Charles Sturt University is ranked number one in Australia for graduate outcomes and Wagga is no exception.
Close to graduating with a nursing degree from CSU Wagga, Leah Vane, 27, said she has already taken promising steps to becoming employed.
“I’ve recently done an interview for a Transition to Professional Practice program with Murrumbidgee Health,” she said.
“It’s been a great four-year degree, I’ve loved every minute of it and we’ve had industry experience throughout the course.”
Ms Vane said she has done “several” placements around Wagga and smaller towns like Junee, and commended the university for their support.
“The uni has been quite accommodating as I'm a single mum juggling university, placements and also a part-time job,” she said.
The Good Education Group’s good universities guide results were based on national survey data and demonstrated that 85 per cent of CSU graduates were employed four months after completing their course, leading the nation’s average by 14 per cent.
The results also highlighted CSU’s position as the state’s leader in graduate starting salary sitting at $62,000, a four thousand dollar increase on the national average.
Ms Vane said there were a few reasons why she decided to become a nurse.
“My nan was a reputable nurse in the emergency department in Dubbo and I spent a lot of my childhood with her and growing up we’d walk down the street and many people would come up to her thanking her for what she had done for them,” she said.
“Also being a single mum, trying to find what would be the best way to support my daughter and also she needed a bit of medical help when she was first born and the support from the nurses we received, really pulled us through.
“I became a nurse to give back.”
Co-owner and veterinarian at the Wagga Veterinary Hospital Becci Brabin said a number of CSU graduates have been employed in the last couple of years.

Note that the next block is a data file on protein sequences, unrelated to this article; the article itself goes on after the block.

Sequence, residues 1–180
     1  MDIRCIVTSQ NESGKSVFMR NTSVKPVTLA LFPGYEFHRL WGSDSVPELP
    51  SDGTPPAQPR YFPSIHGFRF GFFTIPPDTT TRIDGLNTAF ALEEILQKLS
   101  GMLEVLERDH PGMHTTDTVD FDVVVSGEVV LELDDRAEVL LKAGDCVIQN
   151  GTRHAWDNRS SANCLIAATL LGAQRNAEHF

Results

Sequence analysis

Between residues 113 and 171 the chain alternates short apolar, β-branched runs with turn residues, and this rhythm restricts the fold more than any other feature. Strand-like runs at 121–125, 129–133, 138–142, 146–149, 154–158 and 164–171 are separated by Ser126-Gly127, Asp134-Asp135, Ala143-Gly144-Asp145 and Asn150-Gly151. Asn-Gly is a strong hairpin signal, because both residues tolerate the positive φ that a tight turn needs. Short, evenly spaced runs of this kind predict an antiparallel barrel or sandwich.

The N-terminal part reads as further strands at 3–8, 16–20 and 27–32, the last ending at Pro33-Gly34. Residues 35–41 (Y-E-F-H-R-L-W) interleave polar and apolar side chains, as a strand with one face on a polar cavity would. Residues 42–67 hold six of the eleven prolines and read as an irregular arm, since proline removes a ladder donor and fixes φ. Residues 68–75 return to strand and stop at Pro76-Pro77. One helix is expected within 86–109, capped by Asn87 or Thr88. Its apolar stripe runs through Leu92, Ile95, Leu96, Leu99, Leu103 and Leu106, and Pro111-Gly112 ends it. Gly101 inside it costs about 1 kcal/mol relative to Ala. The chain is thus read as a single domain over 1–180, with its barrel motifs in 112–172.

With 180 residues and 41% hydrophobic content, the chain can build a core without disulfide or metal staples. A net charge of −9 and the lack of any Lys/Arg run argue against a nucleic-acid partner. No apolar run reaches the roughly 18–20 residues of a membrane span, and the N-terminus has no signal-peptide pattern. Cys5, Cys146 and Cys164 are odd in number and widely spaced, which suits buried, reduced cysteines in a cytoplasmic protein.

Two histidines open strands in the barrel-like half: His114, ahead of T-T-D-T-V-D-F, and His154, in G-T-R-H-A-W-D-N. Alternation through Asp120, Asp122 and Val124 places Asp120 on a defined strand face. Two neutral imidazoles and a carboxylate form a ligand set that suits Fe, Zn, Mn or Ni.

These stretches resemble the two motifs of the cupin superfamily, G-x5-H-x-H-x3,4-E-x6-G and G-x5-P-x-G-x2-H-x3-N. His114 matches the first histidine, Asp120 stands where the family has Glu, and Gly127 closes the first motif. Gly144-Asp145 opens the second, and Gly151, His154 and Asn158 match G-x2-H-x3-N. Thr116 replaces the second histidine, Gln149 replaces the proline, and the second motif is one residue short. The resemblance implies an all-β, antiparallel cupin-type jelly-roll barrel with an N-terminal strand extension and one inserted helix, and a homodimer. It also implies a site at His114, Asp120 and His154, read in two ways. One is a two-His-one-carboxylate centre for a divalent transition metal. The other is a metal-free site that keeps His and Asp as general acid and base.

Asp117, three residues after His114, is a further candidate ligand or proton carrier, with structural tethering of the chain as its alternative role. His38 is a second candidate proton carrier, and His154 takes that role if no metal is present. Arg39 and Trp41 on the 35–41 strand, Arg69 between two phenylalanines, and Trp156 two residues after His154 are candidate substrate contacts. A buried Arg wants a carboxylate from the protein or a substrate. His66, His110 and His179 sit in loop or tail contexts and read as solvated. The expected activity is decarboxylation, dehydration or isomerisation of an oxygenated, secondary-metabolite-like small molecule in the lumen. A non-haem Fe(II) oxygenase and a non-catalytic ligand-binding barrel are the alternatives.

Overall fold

“Currently in our practice there are three partners and we’re all CSU graduates, two grads started in the last six weeks and another CSU grad started with us 18 months ago,” Ms Brabin said.
“CSU grads seem very practice ready and they are able to hit the ground running when they start the job.
“They’re really personable with clients and although they need support being their first job, they seem to be very capable individuals.”
CSU’s Vice-Chancellor Professor Andrew Vann said the results are in recognition of CSU’s commitment to students and strong industry connections.
“As a university, we are focused on excellence in education and pride ourselves on providing our students with a strong sense of belonging,” said Professor Vann.
“As a committed partner for regional New South Wales, we equip students with strong and necessary skills for future employment and the results are evidence of this.”
Careers advisor at the university Paul Worsfold said Wagga’s accountancy firm Boyce often “snaps up CSU graduates”.
HR manager Tracey Somerville from Boyce Accountants said over the last three years they have employed more than 10 CSU graduates.
“Boyce offices are located across five regional centres in NSW, so our regional footprint has some cross over with CSU campuses,” she said.
“The university has an excellent distance education program which is a popular choice for those studying in regional areas.
“We find that CSU students graduate with skills and knowledge that are immediately transferable into professional practice and the workplace.”
Ms Somerville said students enrolled in undergraduate business or accounting degrees at CSU complete a practical subject which requires them to complete 100 hours of placement in the industry.
“This equips them for entering the workforce when they graduate,” she said.
“We have had a number of CSU students complete placement with us and go on to having a career at Boyce,” she said.